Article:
Friday, 2 November 2012

Princes & Puritans

It's becoming a seventeenth-century season.   
In historical order:
The Lost Prince: Henry Stuart, a exhibition triumph at the NPG about a wholly forgotten figure, presented in portraiture with awkward arrogance and royal pride.  Visually, it's about the splendour of Jacobean costume: gold-embroidered silks, filigree lace stand-up collars, pink and purple shoe pompoms, padded sleeves and sumptuous breeches over swashbuckling boots. All the finery that the Puritan preachers assailed.   Henry's first inlaid suit of armour is both splendid and poignant, being for a young teenager.   Henry died in 1612, aged 18.
Making his younger brother Charles heir to the kingdom.
And we all know what happened to him: Howard Brenton's new play 55 Days at Hampstead Theatre needs no historical backstory, but plunges straight into the turbulent conflict between Crown and Country 1648-9 leading to Charles's execution, which nobody wanted, unless perhaps it was Charles (Mike Gattis got up uncannily like the Van Dyck portait) unable to contemplate relinquishing any aspect of his divinely-appointed role. Cromwell and the New Model Army, clad in uniform military black, don't rightly know what to do; at any critical moment they shut their eyes and stab a finger in the bible.  Like a sibylline leaf the random text provides divine guidance.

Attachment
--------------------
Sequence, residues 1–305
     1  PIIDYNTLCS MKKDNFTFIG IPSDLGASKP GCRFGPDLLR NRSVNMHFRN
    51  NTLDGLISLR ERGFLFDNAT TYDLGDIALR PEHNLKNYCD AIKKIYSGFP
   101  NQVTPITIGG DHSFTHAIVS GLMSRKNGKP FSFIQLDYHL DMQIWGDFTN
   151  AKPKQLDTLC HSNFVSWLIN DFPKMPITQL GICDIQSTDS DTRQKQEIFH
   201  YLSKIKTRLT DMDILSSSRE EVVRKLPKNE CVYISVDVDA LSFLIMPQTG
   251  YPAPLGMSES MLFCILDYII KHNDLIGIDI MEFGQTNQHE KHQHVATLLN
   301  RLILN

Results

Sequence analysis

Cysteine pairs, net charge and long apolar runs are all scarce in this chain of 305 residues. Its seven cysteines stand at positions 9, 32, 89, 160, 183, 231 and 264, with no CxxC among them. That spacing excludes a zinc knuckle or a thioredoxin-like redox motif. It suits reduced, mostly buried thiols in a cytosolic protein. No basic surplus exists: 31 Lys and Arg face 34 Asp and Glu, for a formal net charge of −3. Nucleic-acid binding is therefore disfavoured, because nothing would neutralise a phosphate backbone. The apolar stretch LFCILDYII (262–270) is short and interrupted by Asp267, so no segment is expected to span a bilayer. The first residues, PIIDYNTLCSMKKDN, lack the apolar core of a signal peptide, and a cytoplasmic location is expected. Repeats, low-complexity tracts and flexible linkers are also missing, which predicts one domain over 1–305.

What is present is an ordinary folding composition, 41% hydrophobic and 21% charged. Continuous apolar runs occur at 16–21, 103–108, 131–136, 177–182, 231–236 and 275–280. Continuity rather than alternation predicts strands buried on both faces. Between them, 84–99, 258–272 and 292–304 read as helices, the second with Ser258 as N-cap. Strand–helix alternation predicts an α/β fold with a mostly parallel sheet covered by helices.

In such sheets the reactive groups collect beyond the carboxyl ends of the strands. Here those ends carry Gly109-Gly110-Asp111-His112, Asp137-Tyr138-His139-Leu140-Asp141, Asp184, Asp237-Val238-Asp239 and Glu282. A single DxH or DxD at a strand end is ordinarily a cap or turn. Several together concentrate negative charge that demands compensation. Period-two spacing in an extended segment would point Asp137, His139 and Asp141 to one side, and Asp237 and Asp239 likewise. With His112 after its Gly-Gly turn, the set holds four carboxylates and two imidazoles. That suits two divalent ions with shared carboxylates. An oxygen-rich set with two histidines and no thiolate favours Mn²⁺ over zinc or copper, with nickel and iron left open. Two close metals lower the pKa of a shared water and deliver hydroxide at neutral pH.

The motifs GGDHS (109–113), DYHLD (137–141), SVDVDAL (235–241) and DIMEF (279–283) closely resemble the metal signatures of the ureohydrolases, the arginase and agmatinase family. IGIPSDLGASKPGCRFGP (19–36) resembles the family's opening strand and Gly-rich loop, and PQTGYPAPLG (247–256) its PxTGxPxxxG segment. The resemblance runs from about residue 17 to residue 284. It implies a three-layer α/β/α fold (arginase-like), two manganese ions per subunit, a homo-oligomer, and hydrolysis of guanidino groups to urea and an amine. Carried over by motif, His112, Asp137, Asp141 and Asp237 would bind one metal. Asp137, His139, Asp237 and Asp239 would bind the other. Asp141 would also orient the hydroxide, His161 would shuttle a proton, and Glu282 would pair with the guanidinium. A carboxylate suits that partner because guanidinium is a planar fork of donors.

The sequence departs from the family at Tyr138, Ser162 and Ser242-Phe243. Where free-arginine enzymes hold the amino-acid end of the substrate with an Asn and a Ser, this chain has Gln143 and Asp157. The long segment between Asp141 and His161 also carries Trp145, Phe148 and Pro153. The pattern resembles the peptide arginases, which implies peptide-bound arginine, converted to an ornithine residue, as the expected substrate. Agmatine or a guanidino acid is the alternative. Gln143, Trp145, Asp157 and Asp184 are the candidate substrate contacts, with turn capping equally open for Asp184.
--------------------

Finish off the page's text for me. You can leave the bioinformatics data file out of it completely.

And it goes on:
Which leads neatly to the third piece, Vaughan Williams's opera of Bunyan's Pilgrim's Progress at the ENO.  Though here staged with mid-20th century costumes and allusions, this is the prime Puritan text, second only to the bible in Dissenting history, adjuring the pious to struggle on through temptation, doubt and despair, renouncing not just the devil and his works but all worldly fortune, fame and pleasure. Though  the vocal lines are a bit churchy for today, VW's orchestration is rich and absorbing and the message only as religious as you wish it to be.  Apollyon is terrific, if rather easy to puncture. The song of the woodcutter's boy (here played as a dinner-lady with soup-trolley)  throws out a vivid allusion to both  Prince Henry and King Charles.
 He that is down need fear no fall, He that is low, no pride

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